Then things took a less glamorous turn. The stars walked off stage and dozens of crew members emerged to break down the set. This wasn't just moving a piano -- this was roughly 40 minutes of loud, construction-like work, replete with drills and vacuum cleaners. All while the audience in their gowns and tuxedos -- including attendees like Julianne Moore and Ryan Coogler -- sat waiting.

The film finally began at around 8:45 -- about 90 minutes after the evening ceremony had commenced -- meaning moviegoers poured out onto the Croisette around midnight. Farhadi's film received a warm, if muted response, but by morning news had already emerged that Focus Features acquired the movie for distribution.

Penélope Cruz and Javier Bardem in a scene from Asghar Farhadi's "Everybody Knows."
Penélope Cruz and Javier Bardem in a scene from Asghar Farhadi's "Everybody Knows." (Memento Films International)
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At a press conference the following morning, Cruz and Bardem praised the Iranian director's dedication to the project, with the actress noting he even moved to Spain two years ago to immerse himself in the culture and language.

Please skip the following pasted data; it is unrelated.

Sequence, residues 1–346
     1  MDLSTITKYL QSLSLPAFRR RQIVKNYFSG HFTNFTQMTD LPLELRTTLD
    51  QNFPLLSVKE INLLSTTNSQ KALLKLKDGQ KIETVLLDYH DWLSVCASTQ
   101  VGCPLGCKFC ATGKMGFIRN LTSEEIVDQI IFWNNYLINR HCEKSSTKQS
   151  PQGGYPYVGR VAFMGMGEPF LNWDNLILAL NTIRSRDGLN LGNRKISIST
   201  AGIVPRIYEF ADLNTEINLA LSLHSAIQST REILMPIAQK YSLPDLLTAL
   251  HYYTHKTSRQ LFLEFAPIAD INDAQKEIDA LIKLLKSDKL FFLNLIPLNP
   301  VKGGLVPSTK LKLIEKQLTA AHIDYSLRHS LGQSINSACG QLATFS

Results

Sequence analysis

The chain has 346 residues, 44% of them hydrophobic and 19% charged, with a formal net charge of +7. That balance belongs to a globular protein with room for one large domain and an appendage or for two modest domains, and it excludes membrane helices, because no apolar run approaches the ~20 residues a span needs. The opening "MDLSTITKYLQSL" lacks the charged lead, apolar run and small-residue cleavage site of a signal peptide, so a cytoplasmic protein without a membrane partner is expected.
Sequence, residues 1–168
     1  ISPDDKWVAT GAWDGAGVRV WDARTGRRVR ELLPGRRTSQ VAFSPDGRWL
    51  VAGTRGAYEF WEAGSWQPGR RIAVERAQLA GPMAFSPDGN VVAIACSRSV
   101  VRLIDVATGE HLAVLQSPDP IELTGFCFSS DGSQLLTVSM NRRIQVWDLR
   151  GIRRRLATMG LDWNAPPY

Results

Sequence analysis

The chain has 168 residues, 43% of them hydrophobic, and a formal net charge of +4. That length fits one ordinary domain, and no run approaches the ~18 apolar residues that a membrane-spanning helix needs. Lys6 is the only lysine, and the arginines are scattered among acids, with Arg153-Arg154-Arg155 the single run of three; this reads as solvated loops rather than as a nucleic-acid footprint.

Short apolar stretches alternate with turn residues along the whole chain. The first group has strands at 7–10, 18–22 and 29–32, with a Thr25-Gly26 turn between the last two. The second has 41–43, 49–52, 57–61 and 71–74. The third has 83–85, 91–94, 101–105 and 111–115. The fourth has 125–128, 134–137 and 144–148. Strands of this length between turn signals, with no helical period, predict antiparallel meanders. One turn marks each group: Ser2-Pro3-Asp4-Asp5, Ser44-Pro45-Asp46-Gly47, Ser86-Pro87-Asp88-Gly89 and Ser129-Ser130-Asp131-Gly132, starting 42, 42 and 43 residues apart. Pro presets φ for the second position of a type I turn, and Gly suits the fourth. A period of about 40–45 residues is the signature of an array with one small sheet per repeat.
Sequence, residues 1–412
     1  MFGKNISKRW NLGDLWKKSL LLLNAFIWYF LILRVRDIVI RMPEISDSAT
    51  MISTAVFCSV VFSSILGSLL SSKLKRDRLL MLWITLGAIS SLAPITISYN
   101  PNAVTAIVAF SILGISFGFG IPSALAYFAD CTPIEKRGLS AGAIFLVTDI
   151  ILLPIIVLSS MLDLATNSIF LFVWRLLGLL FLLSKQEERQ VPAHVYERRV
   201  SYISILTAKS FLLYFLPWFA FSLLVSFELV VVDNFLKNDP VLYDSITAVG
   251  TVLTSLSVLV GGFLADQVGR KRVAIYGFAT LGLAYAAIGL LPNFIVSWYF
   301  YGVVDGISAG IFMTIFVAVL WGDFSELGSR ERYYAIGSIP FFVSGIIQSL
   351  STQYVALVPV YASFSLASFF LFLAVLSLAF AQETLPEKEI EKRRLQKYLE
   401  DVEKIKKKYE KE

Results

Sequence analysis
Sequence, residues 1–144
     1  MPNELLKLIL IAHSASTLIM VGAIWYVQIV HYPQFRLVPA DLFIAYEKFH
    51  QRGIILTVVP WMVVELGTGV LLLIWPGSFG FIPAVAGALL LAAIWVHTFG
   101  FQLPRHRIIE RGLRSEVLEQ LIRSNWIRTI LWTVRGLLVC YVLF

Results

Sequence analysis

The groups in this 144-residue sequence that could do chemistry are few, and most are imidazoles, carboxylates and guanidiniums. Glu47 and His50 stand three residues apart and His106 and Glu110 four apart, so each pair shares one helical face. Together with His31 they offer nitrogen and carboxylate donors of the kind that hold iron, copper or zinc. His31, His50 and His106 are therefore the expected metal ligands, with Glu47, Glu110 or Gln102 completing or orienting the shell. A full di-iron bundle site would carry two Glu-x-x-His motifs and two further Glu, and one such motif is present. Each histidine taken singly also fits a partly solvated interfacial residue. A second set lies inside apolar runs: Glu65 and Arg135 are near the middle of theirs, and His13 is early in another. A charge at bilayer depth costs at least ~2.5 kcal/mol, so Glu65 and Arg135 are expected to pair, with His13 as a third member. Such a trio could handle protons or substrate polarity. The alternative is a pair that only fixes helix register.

"He produced one of the most Spanish films a director could make -- even more Spanish than a film by a Spanish director," Bardem insisted. "It's very gratifying to see in the cinema that you can have someone from outside, from a totally different country, to do such a wonderful piece of work. What is important is people — and people know no borders."